Did you know that there are two castles on United States soil that are so glorious and wonderful and mysterious that I want to crawl up inside the attics and stare out the window? There are probably actually more than two, but this summer I had the glorious opportunity to visit two castles in the Thousand Islands region of New York.
The first one we (me + some family + family of family) visited is Boldt Castle on Heart Island, which sits in Alexandria Bay. A quick 10 minute boat ride took us from the mainland to Heart Island, which is actually in the shape of a heart.
The Island was owned by George Boldt, a New York City millionaire associated with the Waldorf Astoria Hotel. George and his wife, Louise, spent many summers on the island in the early 1900s, and they had a lodge there that appeared to be roughly the size of a modern-day mega-mansion.
Alas, a private island (uh, make that multiple private islands) were not enough for Mr. Boldt, and he set out to build an actual castle on Heart Island. He planned to give it to his wife on Valentine’s Day of 1904, but barely a month before, Louise died. Construction on the castle stopped immediately, and George never went back to Heart Island.
After decades of neglect, the Thousand Islands Bridge Authority purchased the island and began restoring it for visitors and posterity. They kept as many details as possible from the original plans, and the different rooms are set up meticulously in the style of the day.
As you climb higher and higher into the castle, restoration is not complete, and you can still find graffiti from the years of abandonment.
Nonetheless, it’s a gorgeous property, everything decorated in hearts and harts (the original name was Hart Island; George altered the physical shape of the island to resemble a heart before renaming it). But there’s also a haunted feeling to the space. You walk into the ballroom and imagine the parties and laughter… and realize there was never any grand parties like in The Sound of Music or My Fair Lady. As you explore the bedchambers and find quaint window seats and imagine curling up with A Midsummer’s Night Dream, just to realize no one sat there pretending to take in Shakespeare and instead stared out the window enjoying the St. Lawrence River breeze.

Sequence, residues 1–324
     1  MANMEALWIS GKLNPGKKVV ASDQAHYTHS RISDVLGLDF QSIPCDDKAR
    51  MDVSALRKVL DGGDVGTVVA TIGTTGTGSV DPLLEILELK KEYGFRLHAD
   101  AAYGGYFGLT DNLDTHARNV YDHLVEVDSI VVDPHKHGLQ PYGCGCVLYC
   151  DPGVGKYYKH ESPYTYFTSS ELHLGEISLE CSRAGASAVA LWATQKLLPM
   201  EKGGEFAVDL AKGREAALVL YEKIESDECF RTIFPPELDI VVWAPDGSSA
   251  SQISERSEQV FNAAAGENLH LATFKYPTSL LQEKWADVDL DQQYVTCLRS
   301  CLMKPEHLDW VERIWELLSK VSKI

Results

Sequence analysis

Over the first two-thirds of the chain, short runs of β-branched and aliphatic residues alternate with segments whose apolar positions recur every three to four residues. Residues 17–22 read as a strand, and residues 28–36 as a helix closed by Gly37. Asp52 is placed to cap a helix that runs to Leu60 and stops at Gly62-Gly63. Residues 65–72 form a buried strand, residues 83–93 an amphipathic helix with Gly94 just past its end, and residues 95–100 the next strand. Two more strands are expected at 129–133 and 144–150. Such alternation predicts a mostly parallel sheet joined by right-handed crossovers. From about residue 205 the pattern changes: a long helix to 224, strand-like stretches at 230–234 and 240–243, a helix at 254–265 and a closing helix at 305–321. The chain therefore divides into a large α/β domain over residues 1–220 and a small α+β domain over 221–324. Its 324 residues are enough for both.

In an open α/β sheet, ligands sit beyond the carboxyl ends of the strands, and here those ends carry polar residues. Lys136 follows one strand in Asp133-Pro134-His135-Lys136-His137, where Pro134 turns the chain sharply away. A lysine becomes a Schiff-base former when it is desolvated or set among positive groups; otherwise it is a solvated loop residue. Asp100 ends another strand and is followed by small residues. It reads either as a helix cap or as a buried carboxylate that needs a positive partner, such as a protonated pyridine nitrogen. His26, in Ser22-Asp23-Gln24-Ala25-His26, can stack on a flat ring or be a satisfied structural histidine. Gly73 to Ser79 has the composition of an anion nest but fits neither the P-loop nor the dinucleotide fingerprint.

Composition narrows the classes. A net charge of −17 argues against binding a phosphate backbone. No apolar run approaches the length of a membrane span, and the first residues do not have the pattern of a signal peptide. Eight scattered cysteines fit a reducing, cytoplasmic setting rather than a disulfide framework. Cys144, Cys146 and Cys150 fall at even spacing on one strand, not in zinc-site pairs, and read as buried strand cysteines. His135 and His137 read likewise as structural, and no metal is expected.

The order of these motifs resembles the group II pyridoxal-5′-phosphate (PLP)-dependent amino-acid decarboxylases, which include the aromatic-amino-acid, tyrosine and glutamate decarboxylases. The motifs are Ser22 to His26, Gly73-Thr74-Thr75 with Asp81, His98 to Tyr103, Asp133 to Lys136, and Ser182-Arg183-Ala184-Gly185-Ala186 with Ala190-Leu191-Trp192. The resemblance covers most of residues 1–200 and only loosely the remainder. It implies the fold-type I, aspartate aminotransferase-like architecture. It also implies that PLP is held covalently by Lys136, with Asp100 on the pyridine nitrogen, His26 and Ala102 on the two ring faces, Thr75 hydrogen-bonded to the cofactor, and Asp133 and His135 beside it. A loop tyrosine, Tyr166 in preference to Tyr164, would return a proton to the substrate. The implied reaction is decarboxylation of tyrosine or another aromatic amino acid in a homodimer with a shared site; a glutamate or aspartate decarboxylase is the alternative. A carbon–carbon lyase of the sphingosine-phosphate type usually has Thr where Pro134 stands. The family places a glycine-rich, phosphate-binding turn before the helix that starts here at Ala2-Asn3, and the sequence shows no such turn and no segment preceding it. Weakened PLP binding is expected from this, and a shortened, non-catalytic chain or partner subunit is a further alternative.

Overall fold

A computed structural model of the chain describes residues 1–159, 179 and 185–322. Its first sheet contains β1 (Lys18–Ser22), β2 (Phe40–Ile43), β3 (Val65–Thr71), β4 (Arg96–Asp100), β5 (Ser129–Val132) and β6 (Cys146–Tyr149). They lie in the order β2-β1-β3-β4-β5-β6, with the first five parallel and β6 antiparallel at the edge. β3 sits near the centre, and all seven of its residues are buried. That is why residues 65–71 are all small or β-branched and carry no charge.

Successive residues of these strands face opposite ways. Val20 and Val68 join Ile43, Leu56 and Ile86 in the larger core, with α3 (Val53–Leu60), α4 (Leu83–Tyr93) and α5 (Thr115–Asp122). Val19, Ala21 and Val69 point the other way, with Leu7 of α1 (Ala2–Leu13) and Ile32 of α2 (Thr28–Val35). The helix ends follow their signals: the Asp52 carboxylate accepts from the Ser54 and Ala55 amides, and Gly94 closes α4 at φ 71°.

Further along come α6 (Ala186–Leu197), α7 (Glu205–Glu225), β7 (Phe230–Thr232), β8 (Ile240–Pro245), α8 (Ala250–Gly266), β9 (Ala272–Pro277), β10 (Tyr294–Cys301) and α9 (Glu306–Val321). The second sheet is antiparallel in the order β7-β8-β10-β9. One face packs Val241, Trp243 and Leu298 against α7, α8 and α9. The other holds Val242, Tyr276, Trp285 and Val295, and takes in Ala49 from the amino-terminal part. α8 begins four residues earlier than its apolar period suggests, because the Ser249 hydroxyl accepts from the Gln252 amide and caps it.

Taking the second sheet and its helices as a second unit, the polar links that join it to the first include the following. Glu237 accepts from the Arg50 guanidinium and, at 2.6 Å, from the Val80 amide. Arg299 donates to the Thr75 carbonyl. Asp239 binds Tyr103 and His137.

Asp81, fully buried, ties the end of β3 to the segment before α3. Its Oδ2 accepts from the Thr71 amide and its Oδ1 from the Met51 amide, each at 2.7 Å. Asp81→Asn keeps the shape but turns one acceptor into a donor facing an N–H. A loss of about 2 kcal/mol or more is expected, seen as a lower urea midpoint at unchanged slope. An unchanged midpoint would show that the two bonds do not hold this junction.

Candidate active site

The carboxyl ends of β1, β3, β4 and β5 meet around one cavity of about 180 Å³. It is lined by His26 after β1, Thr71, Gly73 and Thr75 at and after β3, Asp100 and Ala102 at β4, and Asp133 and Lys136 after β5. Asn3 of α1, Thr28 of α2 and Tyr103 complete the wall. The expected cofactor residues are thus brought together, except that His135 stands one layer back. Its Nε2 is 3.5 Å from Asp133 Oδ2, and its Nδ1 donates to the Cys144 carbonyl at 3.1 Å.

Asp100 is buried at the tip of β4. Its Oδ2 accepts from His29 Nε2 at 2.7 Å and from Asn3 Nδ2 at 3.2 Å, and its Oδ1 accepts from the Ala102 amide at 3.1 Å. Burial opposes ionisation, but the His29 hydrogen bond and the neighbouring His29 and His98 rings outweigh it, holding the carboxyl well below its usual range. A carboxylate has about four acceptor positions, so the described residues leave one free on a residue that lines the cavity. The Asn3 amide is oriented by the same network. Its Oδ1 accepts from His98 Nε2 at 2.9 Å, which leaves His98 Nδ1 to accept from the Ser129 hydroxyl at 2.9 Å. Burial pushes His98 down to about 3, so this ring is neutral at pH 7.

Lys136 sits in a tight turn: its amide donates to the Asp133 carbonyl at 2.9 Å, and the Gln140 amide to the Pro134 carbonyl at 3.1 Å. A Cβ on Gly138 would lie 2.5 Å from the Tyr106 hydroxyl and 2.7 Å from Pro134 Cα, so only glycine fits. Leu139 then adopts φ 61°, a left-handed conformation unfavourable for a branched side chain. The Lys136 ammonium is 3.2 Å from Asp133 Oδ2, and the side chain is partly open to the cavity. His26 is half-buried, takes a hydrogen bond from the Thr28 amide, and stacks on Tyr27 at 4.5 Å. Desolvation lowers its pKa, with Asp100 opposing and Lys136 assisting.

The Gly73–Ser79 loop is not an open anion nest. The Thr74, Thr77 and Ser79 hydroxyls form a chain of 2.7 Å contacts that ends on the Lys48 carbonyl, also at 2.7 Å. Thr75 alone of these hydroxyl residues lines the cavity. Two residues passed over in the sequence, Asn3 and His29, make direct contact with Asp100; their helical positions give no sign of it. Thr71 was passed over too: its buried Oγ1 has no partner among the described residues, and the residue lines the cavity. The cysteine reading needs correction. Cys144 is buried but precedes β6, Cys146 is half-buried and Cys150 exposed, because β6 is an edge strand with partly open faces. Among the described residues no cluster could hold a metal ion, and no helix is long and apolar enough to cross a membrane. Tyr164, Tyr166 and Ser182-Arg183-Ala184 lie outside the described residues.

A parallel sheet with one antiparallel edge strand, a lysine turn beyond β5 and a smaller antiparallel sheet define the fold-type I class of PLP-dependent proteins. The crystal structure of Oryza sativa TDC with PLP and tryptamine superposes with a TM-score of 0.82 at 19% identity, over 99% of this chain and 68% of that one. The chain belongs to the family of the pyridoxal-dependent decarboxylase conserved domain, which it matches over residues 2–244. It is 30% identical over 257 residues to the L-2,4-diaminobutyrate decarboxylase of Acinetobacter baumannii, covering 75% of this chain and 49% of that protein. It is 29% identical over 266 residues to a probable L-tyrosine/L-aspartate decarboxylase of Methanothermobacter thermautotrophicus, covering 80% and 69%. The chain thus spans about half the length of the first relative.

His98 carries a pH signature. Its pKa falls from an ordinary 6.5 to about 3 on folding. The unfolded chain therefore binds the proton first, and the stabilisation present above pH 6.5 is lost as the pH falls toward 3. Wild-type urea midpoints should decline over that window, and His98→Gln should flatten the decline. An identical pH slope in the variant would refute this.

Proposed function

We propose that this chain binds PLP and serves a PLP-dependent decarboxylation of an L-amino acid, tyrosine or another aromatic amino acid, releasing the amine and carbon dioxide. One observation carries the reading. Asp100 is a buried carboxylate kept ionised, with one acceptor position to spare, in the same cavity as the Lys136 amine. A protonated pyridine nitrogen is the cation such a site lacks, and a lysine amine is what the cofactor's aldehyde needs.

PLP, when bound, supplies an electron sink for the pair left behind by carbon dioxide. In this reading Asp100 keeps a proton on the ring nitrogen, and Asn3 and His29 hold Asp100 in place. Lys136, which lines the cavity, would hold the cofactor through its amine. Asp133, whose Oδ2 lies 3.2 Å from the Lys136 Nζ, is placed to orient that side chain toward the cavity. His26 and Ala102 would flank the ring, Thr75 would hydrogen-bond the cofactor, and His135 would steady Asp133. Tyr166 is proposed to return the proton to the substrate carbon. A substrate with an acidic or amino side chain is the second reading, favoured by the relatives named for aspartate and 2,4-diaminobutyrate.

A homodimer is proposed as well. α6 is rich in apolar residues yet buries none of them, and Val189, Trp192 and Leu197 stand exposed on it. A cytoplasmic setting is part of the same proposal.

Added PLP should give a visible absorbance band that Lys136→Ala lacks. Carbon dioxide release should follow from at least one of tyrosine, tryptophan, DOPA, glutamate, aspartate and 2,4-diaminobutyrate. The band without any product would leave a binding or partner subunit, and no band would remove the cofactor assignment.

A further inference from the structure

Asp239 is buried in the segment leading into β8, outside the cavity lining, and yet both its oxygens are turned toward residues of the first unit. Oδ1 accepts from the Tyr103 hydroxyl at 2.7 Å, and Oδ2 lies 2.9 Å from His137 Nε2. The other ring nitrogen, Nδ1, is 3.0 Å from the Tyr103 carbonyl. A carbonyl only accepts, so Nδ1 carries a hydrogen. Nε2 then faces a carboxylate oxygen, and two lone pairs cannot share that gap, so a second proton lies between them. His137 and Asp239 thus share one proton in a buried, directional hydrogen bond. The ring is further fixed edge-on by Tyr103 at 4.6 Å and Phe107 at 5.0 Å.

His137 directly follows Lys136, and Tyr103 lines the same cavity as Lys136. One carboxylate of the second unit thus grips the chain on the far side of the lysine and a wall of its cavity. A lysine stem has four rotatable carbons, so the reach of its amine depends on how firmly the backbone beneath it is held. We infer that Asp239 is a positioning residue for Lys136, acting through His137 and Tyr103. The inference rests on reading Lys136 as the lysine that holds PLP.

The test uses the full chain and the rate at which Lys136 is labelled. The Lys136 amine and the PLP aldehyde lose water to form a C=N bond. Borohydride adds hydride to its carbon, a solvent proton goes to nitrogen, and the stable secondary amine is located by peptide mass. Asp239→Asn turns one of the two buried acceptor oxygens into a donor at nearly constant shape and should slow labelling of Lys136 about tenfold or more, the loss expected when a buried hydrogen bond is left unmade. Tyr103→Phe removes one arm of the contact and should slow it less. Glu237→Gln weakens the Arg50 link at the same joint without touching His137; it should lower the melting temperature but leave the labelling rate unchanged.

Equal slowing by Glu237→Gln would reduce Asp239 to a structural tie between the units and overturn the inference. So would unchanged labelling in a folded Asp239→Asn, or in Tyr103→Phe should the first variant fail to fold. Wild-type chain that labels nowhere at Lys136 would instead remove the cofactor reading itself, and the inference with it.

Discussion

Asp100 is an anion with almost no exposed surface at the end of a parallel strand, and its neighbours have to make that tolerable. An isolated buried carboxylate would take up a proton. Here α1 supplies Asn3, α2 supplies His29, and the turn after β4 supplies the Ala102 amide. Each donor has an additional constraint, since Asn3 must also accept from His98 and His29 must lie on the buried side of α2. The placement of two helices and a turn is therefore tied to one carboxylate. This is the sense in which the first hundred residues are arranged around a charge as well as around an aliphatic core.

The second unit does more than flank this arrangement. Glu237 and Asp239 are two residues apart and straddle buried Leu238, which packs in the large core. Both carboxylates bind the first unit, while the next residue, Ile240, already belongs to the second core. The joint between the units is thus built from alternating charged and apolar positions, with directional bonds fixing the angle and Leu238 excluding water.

Parts of the island feel lived in and loved. The playhouse (a baby castle in its own right) was used for several years before Louise died, and the vibe is different. It’s not refurbished, but it doesn’t feel sad.
The power house on the island is connected by an arched bridge from the island, but the structure itself looks as grand and magical as anything in the main castle. When arriving by boat, the power house is the first thing that sticks out, jutting away from the island. The trees surround the castle, but the power house is very noticeable.
Boldt Castle and Heart Island were such a surprise. From pristine landscaping to the musty and creepy tunnels under the castle, Heart Island sparks the imagination – what was, what could have been, what will be? And, of course, how many maids would it have taken to keep the place clean?